Throughout this publication the term “unit leader” refers only to a Cubmaster, Scoutmaster, Varsity team Coach, Venturing crew Advisor, Exploring Advisor, Sea Scout Skipper, or Lone Scout friend and counselor. “Unit leadership” and “leader” are used as generic references to any registered adult leader in a unit and as such would include the unit leader.
FAQ's for Advancement
Q: Other than being licensed for Internet Rechartering, what agreements are needed to use Internet Advancement?
A: None. The Internet Rechartering license grants the council authorization to use Internet Advancement.
Q: In what way is the Internet Advancement PowerPoint presentation used to support the council in its training of staff and volunteers?
A: The Internet Advancement presentation is useful for a variety of audiences. Show it to unit leadership, the council executive board, council and district advancement committees, council and district commissioner staff members, and the district committee, and use it to orient the council staff.
Q: Will the Internet Advancement application work through any Internet connection and with any browser?
A: Internet Advancement is supported by Microsoft Internet Explorer version 6.0 or higher. It is recommended that compatibility mode be turned on when using Internet Explorer version 8, 9, or 10. Other browsers have been tested with Internet Explorer compatibilities installed, including running a virtual copy of Windows with Internet Explorer within a Mac. The system works with a minimum 56KB dial-up modem connection to the Internet. Faster connections such as DSL and cable will speed up the process.
Q: How does the unit get its unit ID number for Internet Advancement?
A: The council provides it. The council can print the unit list and unit labels from Web Admin > IADV Admin. The list and labels have the unit ID. The council decides the best method to distribute unit IDs to the units. As long as a unit is renewed as a reregistered or separated unit, its unit ID will not change. The unit ID may or may not be distributed each year to all units; the council should decide if this is necessary.
Q: Can the unit ID provided by the council be used to see another unit’s data?
A: No; each unit has a unique unit ID that must be used in combination with the proper unit type (pack, troop, team, crew, ship, or post) and four-digit unit number to register the unit. When a unit processor first registers, he or she will create a password. This password and the unit ID will allow the user to log in as a returning user the next time Internet Advancement is used. The unit ID for Internet Advancement is the same as the unit ID for the Journey to Excellence Service Hours website. Internet Advancement and JTE are completely separate applications, however.
Q: Should the council provide guidelines on Internet Advancement for its units?
A: Yes. The council should tell unit leadership how to turn in the unit advancement reports from Internet Advancement and how to handle reports for awards that could not be entered online or through uploaded files. Because the Eagle Scout rank cannot be submitted online, the leaders of troops, teams, crews, and ships must also know how to follow the Eagle Scout advancement procedures.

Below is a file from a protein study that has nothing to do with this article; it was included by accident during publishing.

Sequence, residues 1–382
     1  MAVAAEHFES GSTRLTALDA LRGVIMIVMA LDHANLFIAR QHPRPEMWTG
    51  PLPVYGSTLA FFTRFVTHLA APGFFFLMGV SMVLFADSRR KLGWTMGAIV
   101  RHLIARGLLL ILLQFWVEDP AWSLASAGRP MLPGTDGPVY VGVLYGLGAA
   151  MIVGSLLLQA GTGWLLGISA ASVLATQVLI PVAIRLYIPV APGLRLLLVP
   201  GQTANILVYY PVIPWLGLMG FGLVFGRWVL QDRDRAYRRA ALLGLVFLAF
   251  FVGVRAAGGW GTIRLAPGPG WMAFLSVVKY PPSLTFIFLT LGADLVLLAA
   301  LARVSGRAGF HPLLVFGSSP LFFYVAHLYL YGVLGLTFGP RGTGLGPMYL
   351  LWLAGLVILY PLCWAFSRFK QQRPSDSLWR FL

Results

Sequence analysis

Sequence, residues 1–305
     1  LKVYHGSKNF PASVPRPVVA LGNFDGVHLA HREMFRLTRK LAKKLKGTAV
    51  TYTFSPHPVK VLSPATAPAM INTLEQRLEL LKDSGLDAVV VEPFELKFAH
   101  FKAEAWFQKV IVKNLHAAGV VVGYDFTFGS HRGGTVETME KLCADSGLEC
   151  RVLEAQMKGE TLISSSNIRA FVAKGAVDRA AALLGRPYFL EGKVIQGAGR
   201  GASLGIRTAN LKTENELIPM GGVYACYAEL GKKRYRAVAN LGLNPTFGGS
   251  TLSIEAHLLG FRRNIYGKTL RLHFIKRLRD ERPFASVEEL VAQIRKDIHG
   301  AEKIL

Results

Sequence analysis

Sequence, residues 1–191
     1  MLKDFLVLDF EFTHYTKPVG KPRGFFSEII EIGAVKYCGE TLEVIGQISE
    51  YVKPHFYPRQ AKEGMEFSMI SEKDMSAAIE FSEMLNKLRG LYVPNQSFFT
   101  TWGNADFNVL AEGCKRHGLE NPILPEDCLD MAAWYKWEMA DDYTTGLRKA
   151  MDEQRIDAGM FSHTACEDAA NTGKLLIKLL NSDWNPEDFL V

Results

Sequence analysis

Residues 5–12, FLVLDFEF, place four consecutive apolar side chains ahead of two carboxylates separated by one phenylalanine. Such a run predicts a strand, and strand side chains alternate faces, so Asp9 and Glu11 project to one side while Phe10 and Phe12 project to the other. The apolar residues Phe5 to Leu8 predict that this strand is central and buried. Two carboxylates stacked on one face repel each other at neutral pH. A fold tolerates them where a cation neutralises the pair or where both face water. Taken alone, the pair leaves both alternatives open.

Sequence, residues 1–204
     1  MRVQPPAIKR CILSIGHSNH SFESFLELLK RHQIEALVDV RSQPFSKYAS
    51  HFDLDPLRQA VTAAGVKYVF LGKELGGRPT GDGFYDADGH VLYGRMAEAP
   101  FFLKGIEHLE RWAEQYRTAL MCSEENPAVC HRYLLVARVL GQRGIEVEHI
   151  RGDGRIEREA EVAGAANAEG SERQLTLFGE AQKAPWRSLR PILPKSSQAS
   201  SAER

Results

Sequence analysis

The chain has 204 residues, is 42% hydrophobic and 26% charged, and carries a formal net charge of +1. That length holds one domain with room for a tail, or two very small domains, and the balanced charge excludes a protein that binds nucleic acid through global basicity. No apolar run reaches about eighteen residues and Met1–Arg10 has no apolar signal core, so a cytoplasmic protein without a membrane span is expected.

Q: What is the local council’s role for support and administration of Internet Advancement? A: The council serves as the front-line “help desk” for its units using Internet Advancement. Selected council staff members must know how Internet Advancement works so they will be able to answer questions from units. Councils administer the process by providing units with their respective unit IDs, monitoring unit activity, changing passwords, resetting profiles and unit data, and creating reports requested by council management for staff and volunteer use. If the help needed is beyond the scope of what the council can provide, contact the National Support Center via email (firstname.lastname@example.org) or phone (972-580-2489).
Q: What about the use of unit management software and advancement file uploads?
A: The council may accept files from units for processing in ScoutNET as before. If the council has not been entering advancement to individual records, then an upload file from unit management software can update member records for the benefit of the unit and council. If there is a problem with a file, however, it is the unit’s responsibility to contact and request assistance from the vendor that sells and supports the software.
Q: What other support materials will be available to councils for training and communicating Internet Advancement?
A: The national Advancement Committee’s Education and Webinars Task Force is considering producing helpful tools such as sample Web pages, newsletter articles, and suggestions for implementing Internet Advancement training. Watch Advancement News for announcements. (To subscribe to Advancement News, send a “SUBSCRIBE” message to email@example.com.)
Q: What ranks, badges, and awards may be recorded through Internet Advancement?
A: Based on the unit type and program, each unit will have an appropriate list for the entry of ranks, badges, and awards for unit youth members. Packs may enter only ranks, activity badges, belt loops, and awards. Troops, teams, crews, and ships may enter ranks, merit badges, and awards. LFL Explorer posts may enter only awards. No nominated awards—including meritorious action awards and awards controlled by other organizations, even if approved for uniform wear—can be recorded. Lapsed units may enter advancement only for dates prior to their unit expiration date. If a unit is dropped, the unit advancement processor will not have access to Internet Advancement.
Q: How does the council prevent a specific unit from using Internet Advancement? A: The council may block units by using the Block Unit process in Unit Management. When the Block Unit feature is activated, a unit cannot load its roster until the block has been removed. Changing the password is only a temporary means of blocking a unit, as is not providing the unit ID. The council management should determine if and when a unit’s participation should be blocked and explain to unit leadership why it is ineligible to use the online process.
Policy on Unauthorized Changes to Advancement Program
No council, committee, district, unit, or individual has the authority to add to, or subtract from, advancement requirements. There are limited exceptions relating only to members with special needs.
Mandated Procedures and Recommended Practices
This publication clearly identifies mandated procedures with words such as “must” and “shall.” Where such language is used, no council, committee, district, unit, or individual has the authority to deviate from the procedures covered, without the written permission of the National Advancement Program Team.
Recommended best practices are offered using words like “should,” while other options and guidelines are indicated with terms such as “may” or “can.” Refer questions on these to your local district or council advancement chairs or staff advisors. They, in turn, may request interpretations and assistance from the National Advancement Program Team.
The Guide to Safe Scouting Applies
Policies and procedures outlined in the Guide to Safe Scouting apply to all BSA activities, including those related to advancement and Eagle Scout service projects.